Without the technology we have today, people often had little warning of trouble on the horizon.
As recently as 1938, for instance, a hurricane known as the "Long Island Express" caught almost everyone unprepared as it raced up the East Coast, wreaking havoc on Long Island and much of New England.
In the last year, an entirely different kind of storm has wreaked havoc on our global financial system. Stocks are down about 50 percent from their highs in 2007 after bubbles in the real estate and financial markets popped. Most major investment banks have either gone out of business or have been acquired by larger commercial banks. The federal government has had to bail out AIG, which has been on the brink of collapse.
While a few people were able to see the imbalances that were building and warn of a possible financial market meltdown, most people were caught by surprise by the magnitude and intensity of this crisis.
Here we are, awash in financial data and yet unable to make enough sense out of it to avoid a near systemic financial collapse.
That's where the idea of creating a standards-based approach to risk reporting comes in.
At the moment, institutions have inconsistent methods and vague language for disclosing operational, market, and credit risk. These inconsistencies make regulatory oversight difficult and complex.
The IBM Data Governance Council is exploring a new approach that would provide semantic clarity--a precise method for consistently describing and reporting risk across all financial service organizations.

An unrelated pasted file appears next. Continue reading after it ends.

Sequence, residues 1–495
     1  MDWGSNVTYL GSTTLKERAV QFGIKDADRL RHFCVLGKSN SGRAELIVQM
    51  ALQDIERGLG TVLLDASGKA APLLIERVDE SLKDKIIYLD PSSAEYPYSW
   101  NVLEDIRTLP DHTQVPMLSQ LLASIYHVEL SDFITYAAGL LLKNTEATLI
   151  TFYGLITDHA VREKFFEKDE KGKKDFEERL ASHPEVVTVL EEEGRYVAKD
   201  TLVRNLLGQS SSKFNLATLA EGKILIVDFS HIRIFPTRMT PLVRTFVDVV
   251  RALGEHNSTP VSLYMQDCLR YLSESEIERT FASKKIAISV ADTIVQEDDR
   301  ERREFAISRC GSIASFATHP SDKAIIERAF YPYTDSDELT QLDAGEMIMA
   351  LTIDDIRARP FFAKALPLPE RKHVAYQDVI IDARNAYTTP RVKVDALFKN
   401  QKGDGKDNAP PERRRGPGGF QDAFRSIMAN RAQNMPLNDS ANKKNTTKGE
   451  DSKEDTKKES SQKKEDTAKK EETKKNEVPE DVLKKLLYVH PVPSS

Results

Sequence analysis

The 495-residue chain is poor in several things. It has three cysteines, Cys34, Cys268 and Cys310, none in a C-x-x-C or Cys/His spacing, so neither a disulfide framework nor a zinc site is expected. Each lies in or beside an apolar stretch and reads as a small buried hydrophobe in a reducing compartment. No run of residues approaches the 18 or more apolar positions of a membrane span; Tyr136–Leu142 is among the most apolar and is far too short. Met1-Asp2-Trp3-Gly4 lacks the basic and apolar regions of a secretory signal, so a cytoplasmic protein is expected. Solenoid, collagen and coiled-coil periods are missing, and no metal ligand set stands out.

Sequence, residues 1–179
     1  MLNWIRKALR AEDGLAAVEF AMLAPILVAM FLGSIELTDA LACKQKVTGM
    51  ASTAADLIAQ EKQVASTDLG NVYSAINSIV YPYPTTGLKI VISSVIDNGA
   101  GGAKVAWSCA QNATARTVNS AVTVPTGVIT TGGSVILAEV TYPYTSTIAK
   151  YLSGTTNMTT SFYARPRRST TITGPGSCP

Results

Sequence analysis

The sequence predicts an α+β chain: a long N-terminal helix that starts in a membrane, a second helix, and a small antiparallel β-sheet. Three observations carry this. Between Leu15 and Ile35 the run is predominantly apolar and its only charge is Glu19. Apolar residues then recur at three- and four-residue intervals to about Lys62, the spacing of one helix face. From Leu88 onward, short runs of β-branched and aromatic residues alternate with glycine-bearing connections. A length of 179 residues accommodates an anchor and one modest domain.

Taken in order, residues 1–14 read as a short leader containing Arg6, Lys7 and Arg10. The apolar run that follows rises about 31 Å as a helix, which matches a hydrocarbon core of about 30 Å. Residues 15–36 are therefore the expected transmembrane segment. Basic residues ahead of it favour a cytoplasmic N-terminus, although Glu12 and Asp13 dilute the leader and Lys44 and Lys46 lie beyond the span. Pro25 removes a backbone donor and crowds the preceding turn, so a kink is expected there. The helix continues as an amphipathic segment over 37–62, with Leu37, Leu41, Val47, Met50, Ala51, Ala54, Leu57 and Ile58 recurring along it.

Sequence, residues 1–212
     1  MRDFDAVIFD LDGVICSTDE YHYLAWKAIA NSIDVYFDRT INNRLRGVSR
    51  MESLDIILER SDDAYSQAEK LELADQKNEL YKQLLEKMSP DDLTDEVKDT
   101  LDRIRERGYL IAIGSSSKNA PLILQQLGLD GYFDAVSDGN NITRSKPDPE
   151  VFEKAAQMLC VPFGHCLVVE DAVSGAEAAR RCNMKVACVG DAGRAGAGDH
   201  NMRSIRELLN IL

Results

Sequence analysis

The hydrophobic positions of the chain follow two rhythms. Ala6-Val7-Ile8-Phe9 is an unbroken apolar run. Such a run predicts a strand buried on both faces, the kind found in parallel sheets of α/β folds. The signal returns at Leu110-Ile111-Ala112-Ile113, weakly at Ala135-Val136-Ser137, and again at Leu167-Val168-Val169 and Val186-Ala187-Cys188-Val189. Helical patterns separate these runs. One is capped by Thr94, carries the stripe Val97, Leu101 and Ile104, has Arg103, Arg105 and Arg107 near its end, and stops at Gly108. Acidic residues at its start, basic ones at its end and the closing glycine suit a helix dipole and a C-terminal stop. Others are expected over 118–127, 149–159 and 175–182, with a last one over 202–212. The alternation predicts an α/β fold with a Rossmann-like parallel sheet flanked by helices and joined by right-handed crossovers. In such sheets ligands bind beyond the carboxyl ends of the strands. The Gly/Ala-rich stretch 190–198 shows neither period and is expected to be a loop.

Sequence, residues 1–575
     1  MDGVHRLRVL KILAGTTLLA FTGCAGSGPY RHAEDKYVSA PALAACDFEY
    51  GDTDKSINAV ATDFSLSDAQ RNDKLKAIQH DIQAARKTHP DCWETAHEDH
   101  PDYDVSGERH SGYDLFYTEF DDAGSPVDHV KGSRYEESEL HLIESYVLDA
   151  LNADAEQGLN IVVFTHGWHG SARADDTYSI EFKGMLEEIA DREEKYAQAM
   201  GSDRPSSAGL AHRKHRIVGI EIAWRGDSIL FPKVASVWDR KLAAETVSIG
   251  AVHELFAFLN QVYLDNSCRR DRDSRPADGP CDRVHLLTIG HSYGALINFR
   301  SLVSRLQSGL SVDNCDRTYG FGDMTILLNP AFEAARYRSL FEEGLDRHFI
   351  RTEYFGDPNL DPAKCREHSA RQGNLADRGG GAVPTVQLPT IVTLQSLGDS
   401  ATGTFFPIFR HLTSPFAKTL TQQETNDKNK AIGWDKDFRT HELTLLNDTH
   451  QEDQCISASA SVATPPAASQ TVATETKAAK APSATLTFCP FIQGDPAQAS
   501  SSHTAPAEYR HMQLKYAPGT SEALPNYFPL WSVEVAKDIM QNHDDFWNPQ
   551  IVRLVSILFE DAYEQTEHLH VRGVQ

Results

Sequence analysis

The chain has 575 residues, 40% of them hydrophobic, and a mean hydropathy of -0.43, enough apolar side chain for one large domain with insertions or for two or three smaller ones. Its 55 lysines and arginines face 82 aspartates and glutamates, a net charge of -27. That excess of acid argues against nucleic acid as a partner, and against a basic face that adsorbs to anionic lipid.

The idea would be to use Extensible Business Reporting Language (XBRL), a software language for describing business terms in financial reports, for risk reporting. XBRL is already widely used for financial reports throughout Europe, Australia and Japan.
Although financial terms can be described in XBRL, so far there is no vocabulary, for risk in XBRL.
"Creating a risk taxonomy using XBRL will provide a vocabulary and a common language allowing everyone to understand what risk means, and that's the first step to making it easier to calculate and report," according to Steve Adler, chairman of the IBM Data Governance Council.
That would make it easier to aggregate loss information, analyze it with standard actuarial methods, compare past exposures to present conditions and forecast potential outcomes.
It could help warn risk managers and regulators about possible disasters that could be brewing on the balance sheets of major financial institutions. A common language and transparency about risk could help to make it easier to identify toxic assets, mitigate fraud, prevent wide-scale fiscal crisis and rebuild confidence in financial systems.
The idea is not without problems. Companies may resist having to implement new software when so many are looking to cut costs. Nor will it be easy to come up with common terms for the financial products and exposures.
And even with the best early-warning system, people can always close their eyes to avoid seeing what they don't want to see.
But a standardized approach to risk reporting could help financial institutions avoid getting blindsided by another balance sheet bomb.
The devil will be in the details.
PATRICIA VOWINKEL has worked for national media outlets for more than 20 years.
May 1, 2009
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